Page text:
You’re floating in the warm waters of the South Pacific. As you glance into the world below, you notice a shimmer of colors, green, red, and orange. No, it’s not long lost treasure you’ve spotted. It is the critically endangered hawksbill sea the
A new global review led by the University of Exeter that set out to investigate the hazards of marine plastic pollution has warned that all seven species of marine turtles can ingest or become entangled in the discarded debris that currently litters the oceans. read more
Scientists from Australia dress sea turtles in little swimsuits to collect and study their poop. Yeah, the story loses a bit of its cuteness after that little fact.
That poop isn't going to collect itself.
How do researchers collect fecal samples from endangered sea turtles? They throw swimsuits and diapers on them and wait until they poop, obviously. When faced with a poop-collecting predicament during a Ph.D. research project, two researchers...Show More Summary
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'Turtle Bay Resort Map, 2014,' O’ahu, HI, USA, by James Niehues. (Photo: All images from Mind the Map © Gestalten 2015) Old maps get a lot of love, and with good reason—with their sea monsters and sheer craftsmanship, they can transport us through both space and time. Show More Summary
If you're wondering what the best dressed sea turtles are wearing at the beach this season, then the University of Queensland has the answer. As part of a study to find the foraging areas of endangered loggerhead turtles, researchers...Show More Summary
(Photo: University of Queensland) It's a stylish one piece suit with pair of stripes across the midriff to accentuate the body's lines. Why is this baby loggerhead sea turtle wearing it? Owen Coffee, a doctoral student at the University of Queensland built this swimsuit in order to hold a diaper on it. Show More Summary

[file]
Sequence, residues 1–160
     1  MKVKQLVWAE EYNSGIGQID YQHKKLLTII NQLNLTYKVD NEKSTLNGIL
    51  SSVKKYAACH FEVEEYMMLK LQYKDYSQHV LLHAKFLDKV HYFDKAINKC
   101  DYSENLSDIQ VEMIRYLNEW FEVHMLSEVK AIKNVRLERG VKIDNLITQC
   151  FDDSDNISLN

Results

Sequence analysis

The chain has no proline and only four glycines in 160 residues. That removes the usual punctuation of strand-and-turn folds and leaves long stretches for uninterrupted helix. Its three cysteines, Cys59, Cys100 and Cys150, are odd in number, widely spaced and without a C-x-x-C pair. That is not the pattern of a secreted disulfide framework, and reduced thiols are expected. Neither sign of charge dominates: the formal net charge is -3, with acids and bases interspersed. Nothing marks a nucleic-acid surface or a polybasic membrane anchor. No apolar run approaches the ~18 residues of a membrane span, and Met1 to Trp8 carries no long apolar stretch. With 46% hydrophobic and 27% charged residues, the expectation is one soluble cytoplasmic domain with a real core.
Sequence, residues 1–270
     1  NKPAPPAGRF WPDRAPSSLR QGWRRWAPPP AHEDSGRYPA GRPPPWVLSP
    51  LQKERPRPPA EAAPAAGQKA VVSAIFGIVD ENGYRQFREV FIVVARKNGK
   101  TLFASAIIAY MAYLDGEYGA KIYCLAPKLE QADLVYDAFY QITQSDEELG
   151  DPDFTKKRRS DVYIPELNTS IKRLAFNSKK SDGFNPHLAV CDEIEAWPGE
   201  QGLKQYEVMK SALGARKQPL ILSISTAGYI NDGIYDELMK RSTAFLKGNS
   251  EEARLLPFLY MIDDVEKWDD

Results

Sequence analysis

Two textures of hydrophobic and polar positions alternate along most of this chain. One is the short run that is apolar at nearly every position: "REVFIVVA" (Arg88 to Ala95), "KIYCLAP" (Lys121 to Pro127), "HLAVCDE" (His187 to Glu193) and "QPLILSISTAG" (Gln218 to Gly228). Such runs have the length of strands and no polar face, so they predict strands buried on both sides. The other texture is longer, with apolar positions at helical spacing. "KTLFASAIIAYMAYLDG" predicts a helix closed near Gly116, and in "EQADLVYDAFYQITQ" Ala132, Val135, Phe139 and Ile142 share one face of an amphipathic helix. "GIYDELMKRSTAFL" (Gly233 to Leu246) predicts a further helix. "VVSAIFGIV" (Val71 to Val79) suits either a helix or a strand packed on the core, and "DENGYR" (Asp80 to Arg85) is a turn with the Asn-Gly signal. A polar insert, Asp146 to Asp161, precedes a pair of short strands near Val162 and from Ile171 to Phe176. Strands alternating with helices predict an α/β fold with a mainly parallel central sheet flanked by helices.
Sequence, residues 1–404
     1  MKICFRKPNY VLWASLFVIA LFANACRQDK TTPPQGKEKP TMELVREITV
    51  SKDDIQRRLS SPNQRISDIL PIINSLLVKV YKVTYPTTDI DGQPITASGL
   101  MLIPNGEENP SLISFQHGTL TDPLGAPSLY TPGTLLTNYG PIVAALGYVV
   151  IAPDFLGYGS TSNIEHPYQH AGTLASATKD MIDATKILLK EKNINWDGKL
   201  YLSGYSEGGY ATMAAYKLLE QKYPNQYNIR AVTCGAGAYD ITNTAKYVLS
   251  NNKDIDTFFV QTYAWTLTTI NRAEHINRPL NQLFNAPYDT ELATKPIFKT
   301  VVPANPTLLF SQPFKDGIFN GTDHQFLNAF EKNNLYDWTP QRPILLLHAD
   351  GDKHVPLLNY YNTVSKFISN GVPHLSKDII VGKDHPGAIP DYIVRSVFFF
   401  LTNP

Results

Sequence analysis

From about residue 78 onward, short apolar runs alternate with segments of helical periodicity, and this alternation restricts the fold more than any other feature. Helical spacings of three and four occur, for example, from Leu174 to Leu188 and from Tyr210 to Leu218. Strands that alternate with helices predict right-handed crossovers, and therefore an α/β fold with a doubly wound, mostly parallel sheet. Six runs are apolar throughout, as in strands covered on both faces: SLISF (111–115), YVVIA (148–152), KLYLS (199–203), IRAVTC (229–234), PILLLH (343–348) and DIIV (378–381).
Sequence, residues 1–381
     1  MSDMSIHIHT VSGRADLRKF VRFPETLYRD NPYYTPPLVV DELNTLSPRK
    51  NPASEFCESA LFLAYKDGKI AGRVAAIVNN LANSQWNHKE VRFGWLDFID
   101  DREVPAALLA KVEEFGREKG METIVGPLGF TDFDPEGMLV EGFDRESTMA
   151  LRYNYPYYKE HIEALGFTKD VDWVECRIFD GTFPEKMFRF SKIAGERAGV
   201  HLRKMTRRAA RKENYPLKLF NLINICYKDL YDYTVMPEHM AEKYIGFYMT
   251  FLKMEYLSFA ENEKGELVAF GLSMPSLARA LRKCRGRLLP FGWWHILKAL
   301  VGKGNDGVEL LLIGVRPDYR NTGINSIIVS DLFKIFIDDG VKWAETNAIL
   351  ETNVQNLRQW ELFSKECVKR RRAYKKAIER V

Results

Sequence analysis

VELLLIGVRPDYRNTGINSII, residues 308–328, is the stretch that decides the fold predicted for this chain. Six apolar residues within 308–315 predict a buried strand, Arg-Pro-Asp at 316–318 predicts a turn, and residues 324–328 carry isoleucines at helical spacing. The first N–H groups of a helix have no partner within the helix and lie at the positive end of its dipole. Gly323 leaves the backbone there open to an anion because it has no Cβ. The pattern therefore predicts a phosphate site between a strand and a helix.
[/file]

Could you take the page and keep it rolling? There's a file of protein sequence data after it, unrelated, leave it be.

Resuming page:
Are you ready for sea turtle swimsuit diapers? Okay! Read more...
A sea turtle hatchling, playful and spunky in a piece from the Vision Research Collection. (Photo: University of Queensland) Sea turtles already sport some of the best accessories in the animal kingdom—those shells are so scute! ButShow More Summary
Marine biologists diving near the Solomon Islands in the South Pacific were shocked when they came across a glowing sea turtle, the first bioluminescent reptile ever recorded. The turtle, a hawksbill sea turtle, is critically endangered. The research… The post Marine Biologists are Shocked By What They’ve Discovered in the South Pacific: WATCH appeared first on Towleroad.
Scientists were shocked to stumble upon the psychedelic sight of a glowing loggerhead
It doesn't get more lit than being the first-discovered bioluminescent reptile.
What's In My Apple Juice!? A disgusting alien-thing was found in a couple’s carton of apple juice on the weekend.No one knows what the blob is, but it looks like a cross between a slug and a condom.Lorna Fisher said she and her boyfriend...Show More Summary
Children often suffer pain, confusion and insecurity when their parents separate. In some cases they even blame themselves, or feel that somehow it's their fault their parents no longer want to be together. Many children secretly harbor fantasies -- sometimes for years -- that their parents will one day reconcile and get back together. Show More Summary
This article originally appeared on artnet News. A marine biologist studying coral reefs off the Solomon Islands in the South Pacific made an amazing discovery this week when he noticed a "bright red-and-green spaceship" approaching his way in the pitch dark waters. Show More Summary
Hey, Mother Nature, we seriously dig you. You amazed us with letting us discover the teeniest glass frog who happened to look like Kermit the Frog, and earlier this week, we yelled “Eureka!” over the confirmation that yes, Houston, there is liquid water on Mars. What else could possibly follow that?! How about a glowing […]
The hawksbill sea turtle is the first biofluorescent reptile ever caught on tape.
"I've been [studying turtles] for a long time, and I don't think anyone's ever seen this," sea turtle expert Alexander Gaos tells National Geographic. "This is really quite amazing." Gaos is referring to video footage showing a hawksbill sea turtle glowing neon red and green, looking like a swimming rave...